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Roll of Thunder, Hear My Cry Book Review

  • February 19, 2021
(Courtesy of Barns and Nobles)

How rare is it for a book to suck the same reader, deep, into a swirling pool of emotions and tears every time? 

Books that have caused surges of emotions, and with it, soulful waterworks, include The Book Thief, Mockingbird, Old Yeller, A Single Shard, and A Child Called “It”

The braided rope of fairy lights intricately intertwining each beloved story is apparent to the reader– besides a couple exceptions, the majority of the books from my childhood. 

Roll of Thunder, Hear My Cry is unique in terms of teaching me more about the setting of the South in the Jim Crow era, the struggles of lynching, and sharecropping. I was made less ignorant of the atrocities that occured far too often at the time.  

Equally as impactful were Cassie and her family dynamic. Strong minded, quick witted, and passionate, Cassie brings in a fresh perspective of youth and energy. Despite the racial harassment aimed her way, she powers on.  

Like a forest, Big Ma, her grandmother, are the land, the foundation, lasting and forever resilient. Her parents, Mama and Papa, are the tall, strong, and powerful trees, offering wisdom and guidance with endless leaves of love. Her brothers, Stacey, Little Man, and Christopher-John, are trampling cubs, energetic and intelligent. Uncle Hammer is the occasional murder of crows, but when he is present, he drops seeds of fruit and gifts…and humour.  

When united, the large family are a cauldron of hot, strong love*. 

The book teems with relationships, love, and family; these core themes shine powerfully between the cracks of hatred and the waterfalls of sweat and tears from the toil of the daily life of a colored worker in the fields. 

The entire family’s relationship with Mr. Morrison, the taciturn hired hand who lost his parents in horrifying lynchings; Uncle Hammer, a great role model and protector; Jeremy, the white boy viewed generally as a outsider even in his own family and who wishes to befriend Cassie and her brothers; and most importantly, TJ, whom you can’t help but hate and love in the same time, made this book a clincher out of all of the books that I grew up with in elementary school.

Each relationship is a defining musical thread in a loom, where a thousand trilling golden yellow strings of silk are woven into a gentle harmony with a bass’s heartbeat in the background. Each, no matter how big or small, shaped Cassie and her brothers.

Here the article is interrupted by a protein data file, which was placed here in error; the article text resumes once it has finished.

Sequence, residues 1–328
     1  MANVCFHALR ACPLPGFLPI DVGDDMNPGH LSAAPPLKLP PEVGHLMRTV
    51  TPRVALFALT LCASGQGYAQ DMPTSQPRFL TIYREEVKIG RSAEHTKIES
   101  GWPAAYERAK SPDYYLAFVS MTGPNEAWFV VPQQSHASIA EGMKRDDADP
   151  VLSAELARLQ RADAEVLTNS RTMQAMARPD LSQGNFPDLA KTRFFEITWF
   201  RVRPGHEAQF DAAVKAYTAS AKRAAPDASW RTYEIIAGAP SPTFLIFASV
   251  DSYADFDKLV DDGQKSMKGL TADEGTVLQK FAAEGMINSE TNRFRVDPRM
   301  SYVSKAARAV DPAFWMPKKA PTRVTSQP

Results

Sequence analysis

Chapter 11 begins with a poem- the very backbone of the paperback novel:

Roll of thunder

  hear my cry

Over the water

  bye and bye

Ole man comin’

  down the line

Whip in hand to

  beat me down

But I ain’t

  gonna let him

Turn me ‘round

That alone sufficiently distills the entire novel. Those untouched by this story can quench their throats- a beautiful story stronger than human-sized spider silk, and everlasting as the stars studded in the billowing blanket of the night sky hung above. 

Each pivotal moment: suspenseful. Every loving scene: touching beyond belief. The familial love and hope, the whole aura and feel of the book, was and still is unique and outstanding. There are reasons tears were shed, and a reason tears were laughed out. 

I can’t ever truly relate to Cassie and all of the Black people living in the South back then. But the author has a golden thumb for weaving these experiences and past events into life. 

Like a brutal iron punch to the chest, Roll of Thunder, Hear My Cry crushes your heart with a tidal wave of love, pain, grit, and trust. Injustice rings through the mistreatment of Cassie and her family, along with TJ, however they have each other in the end. 

Like a lingering wayward drip of blue on a pristine white-coated wall, the novel is a treasure tucked in a secret alcove… one of the special stories that you will grow up reading of its secrets, and continue to grow up with it. Timeless, heart-wrenching, and thought-provoking, Roll of Thunder, Hear My Cry is an unfathomably unregrettable novel to indulge in. 

*“A Cauldron of Hot, Strong Love” sung by Celestina Warbeck, referenced in the Harry Potter series.  

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